My first experience with the ZedBoard SoC board.

I recently registered my masters with the Central Peninsula University of Technology in Cape Town, and part of my research with include the use of a FPGA for real-time network communications between smart grids. So I am faced with 2 things – learning a new environment as well as a different field(Power Systems) coming from an Electronics and Computer engineering background.

I am the type of person that is always eager to learn new things, so being thrown into the deep end is nothing foreign to me, sounds like something I took from my resume.

After I registered for the MEng, I was given this board – and I needed to familiarise myself with it.

This blog will detail my experiences and hacks.

zedboard-2zedboard box

Getting started with the ZedBoard SoC

Firstly, we will need to download Xilinx Vivado suite, in order to do this we go to the Xilinx Downloads page to obtain the installer.
Select version 2017.2 or later on the left sidebar. I used the “Single File Download” option and chose “Vivado HLx 2017.2: All OS installer Single-File Download”. It is a tarball that is 22Gigs, yes there was no typo – 22Gigs large.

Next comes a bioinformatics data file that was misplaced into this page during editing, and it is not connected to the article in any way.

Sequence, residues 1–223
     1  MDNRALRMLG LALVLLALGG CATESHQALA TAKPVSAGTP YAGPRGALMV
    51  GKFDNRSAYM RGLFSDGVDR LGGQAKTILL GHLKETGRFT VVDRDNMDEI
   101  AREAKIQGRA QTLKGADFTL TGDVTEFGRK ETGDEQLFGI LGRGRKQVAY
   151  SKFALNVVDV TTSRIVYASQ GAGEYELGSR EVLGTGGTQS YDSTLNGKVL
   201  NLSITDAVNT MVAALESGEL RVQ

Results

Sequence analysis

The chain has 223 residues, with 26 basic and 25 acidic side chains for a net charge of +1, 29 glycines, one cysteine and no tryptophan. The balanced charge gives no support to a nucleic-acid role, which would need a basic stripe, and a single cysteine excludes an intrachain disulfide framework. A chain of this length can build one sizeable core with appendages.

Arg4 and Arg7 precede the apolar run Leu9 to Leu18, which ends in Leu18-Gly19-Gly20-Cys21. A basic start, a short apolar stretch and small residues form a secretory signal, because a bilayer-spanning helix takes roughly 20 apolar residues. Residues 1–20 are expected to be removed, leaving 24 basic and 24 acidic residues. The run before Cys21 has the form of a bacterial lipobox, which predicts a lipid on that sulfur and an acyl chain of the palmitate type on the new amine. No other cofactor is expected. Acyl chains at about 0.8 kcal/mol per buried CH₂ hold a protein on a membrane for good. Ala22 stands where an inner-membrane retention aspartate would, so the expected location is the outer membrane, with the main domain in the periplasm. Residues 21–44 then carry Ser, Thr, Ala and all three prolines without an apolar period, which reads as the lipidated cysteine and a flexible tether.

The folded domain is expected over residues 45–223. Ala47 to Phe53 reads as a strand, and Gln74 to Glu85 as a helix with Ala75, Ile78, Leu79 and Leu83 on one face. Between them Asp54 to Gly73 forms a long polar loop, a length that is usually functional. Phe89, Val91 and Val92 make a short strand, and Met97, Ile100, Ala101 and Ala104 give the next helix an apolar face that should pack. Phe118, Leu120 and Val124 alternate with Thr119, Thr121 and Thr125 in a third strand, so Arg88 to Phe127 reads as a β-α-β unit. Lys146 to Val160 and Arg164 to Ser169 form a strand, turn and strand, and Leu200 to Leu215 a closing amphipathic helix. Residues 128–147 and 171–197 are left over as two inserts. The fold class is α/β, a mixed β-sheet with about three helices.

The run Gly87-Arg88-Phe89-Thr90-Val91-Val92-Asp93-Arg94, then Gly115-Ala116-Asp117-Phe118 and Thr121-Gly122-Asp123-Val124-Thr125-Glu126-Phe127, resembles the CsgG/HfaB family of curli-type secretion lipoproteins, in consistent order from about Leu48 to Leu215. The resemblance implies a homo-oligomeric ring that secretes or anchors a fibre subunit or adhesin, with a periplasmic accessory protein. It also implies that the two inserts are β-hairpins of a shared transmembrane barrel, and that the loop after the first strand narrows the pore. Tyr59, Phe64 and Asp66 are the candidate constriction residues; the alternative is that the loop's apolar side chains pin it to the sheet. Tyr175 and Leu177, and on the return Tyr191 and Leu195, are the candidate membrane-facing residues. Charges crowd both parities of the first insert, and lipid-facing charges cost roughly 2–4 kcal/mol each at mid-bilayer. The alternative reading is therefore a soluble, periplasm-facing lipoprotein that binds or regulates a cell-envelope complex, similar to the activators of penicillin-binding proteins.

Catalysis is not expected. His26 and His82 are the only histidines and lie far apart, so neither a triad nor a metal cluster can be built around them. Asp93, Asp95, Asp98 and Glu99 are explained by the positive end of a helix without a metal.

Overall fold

Note: You have to be a registered user to download it.

Once the download is completed, untar the tarball, cd into the extracted directory, and execute the GUI installer.

# Confirm the file is valid by checking the md5 hash
# MD5 SUM Value: 958f190a089ad3f39d327d972c7dcf35
$ md5sum Xilinx_Vivado_SDK_2017.2_0616_1.tar.gz
# Once that is confirmed untar and install
$ tar -zxvf Xilinx_Vivado_SDK_2017.2_0616_1.tar.gz
$ cd Xilinx_Vivado_SDK_2017.2_0616_1
$ sudo ./xsetup

Agree to the terms of use and select “Vivado HL WebPACK Edition”. Next, tick also Xilinx Software Development Kit (SDK) on the next page, since it’s free and very useful.